'Franciscan monk' remains unearthed at roadworks site
Resurfacing work halted at St Andrews after suspected 15th century remains discovered
Human remains have been unearthed in one of Scotland's most ancient towns during road repairs.
Experts say the skeletons found at St Andrews could be those of a group of Franciscan monks who lived there in the 15th century.
Resurfacing work at the town's Greyfriars Garden has now been halted for the remains, found six inches from the surface, to be excavated and preserved.
Fife Council's archaeology team has spent years trying to pinpoint the exact location of the monastery inhabited by the monks.
Archaeologist Douglas Spiers said: "St Andrews is a town of considerable antiquity so we always held the possibility of archaeological remains coming to light in that area as part of the works.
"However, we thought that because they were only reducing the surface by a small margin it wouldn't be deep enough to disturb anything. Clearly, we were wrong."
Mr Spiers says the remains should be treated with respect.
He said: "These are human remains in consecrated ground so they must be treated with proper dignity.
"A Franciscan friary is known to have existed somewhere in the near vicinity and because of the order they weren't buried in the local cemetery but in their own little one.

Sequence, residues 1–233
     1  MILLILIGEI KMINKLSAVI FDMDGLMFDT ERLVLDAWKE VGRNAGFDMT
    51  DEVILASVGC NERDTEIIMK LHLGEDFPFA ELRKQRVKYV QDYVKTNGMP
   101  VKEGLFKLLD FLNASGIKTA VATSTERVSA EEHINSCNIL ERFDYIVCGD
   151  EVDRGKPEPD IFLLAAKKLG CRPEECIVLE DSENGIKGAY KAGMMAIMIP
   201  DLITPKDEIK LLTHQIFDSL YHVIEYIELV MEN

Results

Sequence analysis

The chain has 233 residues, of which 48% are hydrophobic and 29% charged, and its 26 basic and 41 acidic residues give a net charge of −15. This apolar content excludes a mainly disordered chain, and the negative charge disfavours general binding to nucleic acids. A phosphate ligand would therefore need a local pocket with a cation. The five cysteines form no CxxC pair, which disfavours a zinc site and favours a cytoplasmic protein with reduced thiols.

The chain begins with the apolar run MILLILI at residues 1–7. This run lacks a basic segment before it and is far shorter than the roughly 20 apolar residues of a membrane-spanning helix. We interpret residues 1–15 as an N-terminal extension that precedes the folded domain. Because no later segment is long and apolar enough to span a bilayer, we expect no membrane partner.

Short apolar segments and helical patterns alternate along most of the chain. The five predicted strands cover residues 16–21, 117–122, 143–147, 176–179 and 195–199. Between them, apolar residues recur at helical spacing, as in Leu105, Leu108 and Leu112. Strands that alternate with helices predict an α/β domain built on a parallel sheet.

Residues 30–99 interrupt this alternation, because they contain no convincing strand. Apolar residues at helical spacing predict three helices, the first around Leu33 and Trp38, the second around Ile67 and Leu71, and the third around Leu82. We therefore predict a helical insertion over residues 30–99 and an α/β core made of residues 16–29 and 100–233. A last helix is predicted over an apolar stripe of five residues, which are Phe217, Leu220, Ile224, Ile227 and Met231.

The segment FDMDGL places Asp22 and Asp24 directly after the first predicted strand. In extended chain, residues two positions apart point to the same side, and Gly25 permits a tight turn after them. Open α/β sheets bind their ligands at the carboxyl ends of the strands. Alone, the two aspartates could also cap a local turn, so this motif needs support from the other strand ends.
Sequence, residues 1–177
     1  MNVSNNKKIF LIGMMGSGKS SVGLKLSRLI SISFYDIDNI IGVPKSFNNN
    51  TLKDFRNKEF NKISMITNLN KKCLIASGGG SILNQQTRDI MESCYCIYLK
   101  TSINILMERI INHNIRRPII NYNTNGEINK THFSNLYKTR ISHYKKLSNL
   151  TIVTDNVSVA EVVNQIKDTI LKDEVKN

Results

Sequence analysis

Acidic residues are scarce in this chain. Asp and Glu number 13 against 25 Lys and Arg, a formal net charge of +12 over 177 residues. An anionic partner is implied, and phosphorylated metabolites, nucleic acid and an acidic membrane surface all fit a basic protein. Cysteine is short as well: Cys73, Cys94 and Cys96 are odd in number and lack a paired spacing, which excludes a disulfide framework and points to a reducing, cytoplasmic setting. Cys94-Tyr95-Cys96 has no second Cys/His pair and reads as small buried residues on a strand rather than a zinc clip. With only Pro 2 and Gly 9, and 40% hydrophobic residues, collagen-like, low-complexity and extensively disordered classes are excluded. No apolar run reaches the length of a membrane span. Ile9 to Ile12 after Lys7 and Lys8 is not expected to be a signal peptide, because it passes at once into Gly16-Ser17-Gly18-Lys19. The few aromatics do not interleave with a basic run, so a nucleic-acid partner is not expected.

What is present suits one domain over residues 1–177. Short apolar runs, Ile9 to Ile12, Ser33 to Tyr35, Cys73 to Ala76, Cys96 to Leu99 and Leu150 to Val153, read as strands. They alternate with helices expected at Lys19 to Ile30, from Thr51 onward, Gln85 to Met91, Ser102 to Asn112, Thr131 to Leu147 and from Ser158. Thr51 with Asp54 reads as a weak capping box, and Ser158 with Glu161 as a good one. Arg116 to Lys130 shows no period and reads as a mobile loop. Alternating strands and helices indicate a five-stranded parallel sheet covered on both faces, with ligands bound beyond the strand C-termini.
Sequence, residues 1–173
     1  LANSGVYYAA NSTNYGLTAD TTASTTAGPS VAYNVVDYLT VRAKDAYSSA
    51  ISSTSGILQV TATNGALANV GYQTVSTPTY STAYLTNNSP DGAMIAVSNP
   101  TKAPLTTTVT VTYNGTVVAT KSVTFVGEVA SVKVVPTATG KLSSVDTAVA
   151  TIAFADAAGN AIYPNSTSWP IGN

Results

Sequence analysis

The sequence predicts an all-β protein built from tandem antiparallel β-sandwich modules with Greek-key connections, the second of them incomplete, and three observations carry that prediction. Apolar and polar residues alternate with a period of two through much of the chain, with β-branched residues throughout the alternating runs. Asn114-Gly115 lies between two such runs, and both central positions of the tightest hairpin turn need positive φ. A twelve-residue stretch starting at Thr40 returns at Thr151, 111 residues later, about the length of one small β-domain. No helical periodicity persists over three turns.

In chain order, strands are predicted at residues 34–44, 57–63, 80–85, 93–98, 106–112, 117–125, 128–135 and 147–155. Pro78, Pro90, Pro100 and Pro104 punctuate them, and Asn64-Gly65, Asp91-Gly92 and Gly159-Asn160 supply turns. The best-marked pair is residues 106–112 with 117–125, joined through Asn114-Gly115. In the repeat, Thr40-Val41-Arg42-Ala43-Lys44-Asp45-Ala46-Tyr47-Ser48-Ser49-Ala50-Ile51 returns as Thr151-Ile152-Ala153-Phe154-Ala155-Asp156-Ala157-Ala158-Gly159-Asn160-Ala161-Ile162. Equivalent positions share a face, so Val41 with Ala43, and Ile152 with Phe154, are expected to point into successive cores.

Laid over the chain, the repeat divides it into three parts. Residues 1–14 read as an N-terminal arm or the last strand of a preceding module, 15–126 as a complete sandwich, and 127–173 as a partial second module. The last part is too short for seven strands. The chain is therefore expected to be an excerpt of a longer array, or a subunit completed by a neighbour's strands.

"The exact footprint of the friary is not known and previous archaeological works in the area have failed to locate it. However, there can be little doubt that the discovery represents part of the cemetery of the friary."
It is thought that the friary was established in St Andrews in 1458, a relatively late development in medieval St Andrews. It was completed in 1478 but ransacked in 1559, during the reformation.
Skeletal analysis is likely to take place soon and experts hope it will reveal more about the lives and deaths of the bodies involved.
It is the latest in a long line of discoveries in St Andrews, which have revealed significant new information about one the country's most historic burghs.
House renovations in the town have revealed the remains of some of the earliest townhouses and pieces of medieval pottery have also been uncovered.
Mr Spiers said: "All of these investigations are slowly but surely shedding valuable new light on the origins of medieval St Andrews.
"More importantly, they are challenging many long held views, allowing a new history of the town's medieval past to be written."